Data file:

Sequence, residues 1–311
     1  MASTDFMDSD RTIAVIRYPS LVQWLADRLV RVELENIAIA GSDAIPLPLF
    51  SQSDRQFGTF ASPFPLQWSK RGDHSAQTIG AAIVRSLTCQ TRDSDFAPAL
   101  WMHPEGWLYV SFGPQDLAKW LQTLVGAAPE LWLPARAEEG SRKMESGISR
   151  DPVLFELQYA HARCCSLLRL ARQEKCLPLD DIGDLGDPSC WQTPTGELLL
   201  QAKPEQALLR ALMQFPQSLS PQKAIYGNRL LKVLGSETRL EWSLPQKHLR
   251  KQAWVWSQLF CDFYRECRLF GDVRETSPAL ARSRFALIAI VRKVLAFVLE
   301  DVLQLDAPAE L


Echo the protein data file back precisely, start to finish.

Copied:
Sequence, residues 1–311
     1  MASTDFMDSD RTIAVIRYPS LVQWLADRLV RVELENIAIA GSDAIPLPLF
    51  SQSDRQFGTF ASPFPLQWSK RGDHSAQTIG AAIVRSLTCQ TRDSDFAPAL
   101  WMHPEGWLYV SFGPQDLAKW LQTLVGAAPE LWLPARAEEG SRKMESGISR
   151  DPVLFELQYA HARCCSLLRL ARQEKCLPLD DIGDLGDPSC WQTPTGELLL
   201  QAKPEQALLR ALMQFPQSLS PQKAIYGNRL LKVLGSETRL EWSLPQKHLR
   251  KQAWVWSQLF CDFYRECRLF GDVRETSPAL ARSRFALIAI VRKVLAFVLE
   301  DVLQLDAPAE L